Trial in ComEd bribery investigation reset to March due to conflict with R. Kelly case

The federal bribery case against a henchman of former House Speaker Michael Madigan and three others has been rescheduled for March due to logistics issues with another high-profile case against singer R. Kelly.

The “ComEd Four” case, as it’s known, was scheduled to begin in September, but U.S. District Judge Harry Leinenweber scuttled that plan last month when he learned the large ceremonial courtroom would still be occupied with Kelly. trial, which begins on August 15.

The courtroom on the 25th floor of the Dirksen US Courthouse has been in high demand during the pandemic and is the only space that can accommodate a multi-defendant jury trial given COVID-19 protocols. 19 that are still in force.

During a brief status hearing Thursday, Leinenweber rescheduled the trial for March 6. Since the trial is expected to last up to two months, Leinenweber said he would order a special panel of potential jurors who had said in advance that they could sit through that time.

Charged in the November 2020 indictment were Michael McClain, a former state legislator and lobbyist who was part of Madigan’s inner circle; Anne Pramaggiore, former CEO of ComEd; John Hooker, longtime ComEd lobbyist; and Jay Doherty, a utility company consultant and former head of the City Club of Chicago.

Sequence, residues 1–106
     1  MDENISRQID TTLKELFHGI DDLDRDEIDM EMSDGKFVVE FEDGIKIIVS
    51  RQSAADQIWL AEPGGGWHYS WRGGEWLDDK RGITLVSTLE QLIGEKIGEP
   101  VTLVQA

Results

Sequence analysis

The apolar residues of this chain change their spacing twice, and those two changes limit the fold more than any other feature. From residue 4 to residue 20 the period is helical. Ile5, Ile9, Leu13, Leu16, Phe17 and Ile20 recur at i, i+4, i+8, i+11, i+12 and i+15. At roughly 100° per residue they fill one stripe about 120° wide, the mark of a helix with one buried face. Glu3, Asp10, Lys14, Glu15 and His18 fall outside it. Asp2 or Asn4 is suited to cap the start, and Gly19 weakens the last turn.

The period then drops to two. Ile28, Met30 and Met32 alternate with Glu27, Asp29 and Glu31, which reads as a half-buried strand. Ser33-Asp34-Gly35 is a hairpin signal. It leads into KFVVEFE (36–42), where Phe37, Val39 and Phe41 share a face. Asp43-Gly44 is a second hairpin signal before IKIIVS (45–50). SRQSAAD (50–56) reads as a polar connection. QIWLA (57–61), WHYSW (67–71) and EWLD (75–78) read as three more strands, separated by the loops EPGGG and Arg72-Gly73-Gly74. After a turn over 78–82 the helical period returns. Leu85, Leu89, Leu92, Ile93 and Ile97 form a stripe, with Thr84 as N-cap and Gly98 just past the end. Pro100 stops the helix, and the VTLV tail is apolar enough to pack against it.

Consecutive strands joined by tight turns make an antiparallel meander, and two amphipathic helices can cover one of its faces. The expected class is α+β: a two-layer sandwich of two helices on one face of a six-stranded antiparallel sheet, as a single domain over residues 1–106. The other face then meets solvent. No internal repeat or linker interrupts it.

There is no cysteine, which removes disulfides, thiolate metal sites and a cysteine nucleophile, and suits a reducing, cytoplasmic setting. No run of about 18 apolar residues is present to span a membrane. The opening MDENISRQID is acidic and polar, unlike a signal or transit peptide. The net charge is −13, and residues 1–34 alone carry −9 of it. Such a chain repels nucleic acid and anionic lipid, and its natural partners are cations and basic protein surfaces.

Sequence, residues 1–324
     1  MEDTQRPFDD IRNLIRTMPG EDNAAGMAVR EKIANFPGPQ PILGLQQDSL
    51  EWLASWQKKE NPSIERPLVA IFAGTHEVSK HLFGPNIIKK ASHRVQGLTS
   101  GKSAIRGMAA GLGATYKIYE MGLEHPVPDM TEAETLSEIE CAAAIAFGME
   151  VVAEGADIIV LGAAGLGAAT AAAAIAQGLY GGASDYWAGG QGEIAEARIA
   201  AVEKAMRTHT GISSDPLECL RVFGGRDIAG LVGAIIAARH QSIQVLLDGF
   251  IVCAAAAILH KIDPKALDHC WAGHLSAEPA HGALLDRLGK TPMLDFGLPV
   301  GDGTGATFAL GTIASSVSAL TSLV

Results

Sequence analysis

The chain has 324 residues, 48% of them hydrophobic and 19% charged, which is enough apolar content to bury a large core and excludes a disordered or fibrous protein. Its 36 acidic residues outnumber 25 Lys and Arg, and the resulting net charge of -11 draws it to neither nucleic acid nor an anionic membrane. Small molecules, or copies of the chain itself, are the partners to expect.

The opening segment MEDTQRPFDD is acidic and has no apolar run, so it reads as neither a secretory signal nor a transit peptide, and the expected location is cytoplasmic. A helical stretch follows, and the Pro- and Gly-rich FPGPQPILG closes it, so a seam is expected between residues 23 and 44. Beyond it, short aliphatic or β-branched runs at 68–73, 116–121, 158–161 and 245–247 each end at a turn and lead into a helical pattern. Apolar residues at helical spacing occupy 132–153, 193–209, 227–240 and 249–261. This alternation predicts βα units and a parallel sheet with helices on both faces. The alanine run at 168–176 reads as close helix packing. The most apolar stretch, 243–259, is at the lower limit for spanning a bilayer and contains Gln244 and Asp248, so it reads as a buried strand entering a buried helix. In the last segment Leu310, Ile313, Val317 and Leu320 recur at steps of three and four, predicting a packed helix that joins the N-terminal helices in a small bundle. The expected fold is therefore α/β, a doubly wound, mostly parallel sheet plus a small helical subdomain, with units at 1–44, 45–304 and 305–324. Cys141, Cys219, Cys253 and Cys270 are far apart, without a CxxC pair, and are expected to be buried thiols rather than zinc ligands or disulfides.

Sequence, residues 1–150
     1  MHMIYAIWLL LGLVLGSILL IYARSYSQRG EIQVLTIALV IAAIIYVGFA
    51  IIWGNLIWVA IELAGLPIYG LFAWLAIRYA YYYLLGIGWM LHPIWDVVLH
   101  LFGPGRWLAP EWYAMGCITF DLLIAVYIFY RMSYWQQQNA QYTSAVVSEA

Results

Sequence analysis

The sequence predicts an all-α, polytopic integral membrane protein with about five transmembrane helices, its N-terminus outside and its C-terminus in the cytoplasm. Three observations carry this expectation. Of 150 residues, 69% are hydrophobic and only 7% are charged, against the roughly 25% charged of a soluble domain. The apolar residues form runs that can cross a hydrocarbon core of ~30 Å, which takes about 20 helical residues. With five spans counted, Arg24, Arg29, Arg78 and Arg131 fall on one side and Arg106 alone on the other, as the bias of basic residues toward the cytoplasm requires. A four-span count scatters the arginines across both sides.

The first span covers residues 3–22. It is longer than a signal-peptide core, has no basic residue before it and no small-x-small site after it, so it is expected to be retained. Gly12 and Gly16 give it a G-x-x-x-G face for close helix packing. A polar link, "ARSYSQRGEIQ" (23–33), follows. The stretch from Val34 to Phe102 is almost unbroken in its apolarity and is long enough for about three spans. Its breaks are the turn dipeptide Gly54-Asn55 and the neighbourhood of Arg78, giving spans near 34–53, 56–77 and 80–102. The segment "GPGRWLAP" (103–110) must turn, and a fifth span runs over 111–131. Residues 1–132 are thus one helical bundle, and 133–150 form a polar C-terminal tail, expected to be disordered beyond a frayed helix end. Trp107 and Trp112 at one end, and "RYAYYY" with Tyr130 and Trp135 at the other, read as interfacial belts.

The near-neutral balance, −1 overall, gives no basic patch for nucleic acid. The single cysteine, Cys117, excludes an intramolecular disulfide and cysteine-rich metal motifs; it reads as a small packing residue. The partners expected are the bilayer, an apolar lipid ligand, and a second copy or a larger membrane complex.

The 50-page indictment alleged that beginning in 2011, McClain and the other defendants “arranged for various associates” of Madigan, including his political allies and campaign workers, “to obtain jobs, contracts and monetary payments” from ComEd, even in cases where it did little or no actual work.

McClain and the other defendants also conspired to have ComEd hire a law firm and attorney favored by Madigan, previously identified in public testimony as Victor Reyes de Reyes Kurson, and to accept into ComEd’s summer internship program a a number of students who lived in Madigan District 13. Ward, according to the charges.

Pramaggiore and McClain also allegedly arranged for Juan Ochoa, the former head of the Chicago Metropolitan Exposition and Docks Authority, to be appointed to ComEd’s board of directors at the request of Madigan and McClain, according to the indictment.

All four defendants have pleaded not guilty.

Madigan and McClain were indicted in March on separate racketeering charges that include the alleged ComEd scheme. Both Madigan and McClain have denied the allegations and are awaiting trial.

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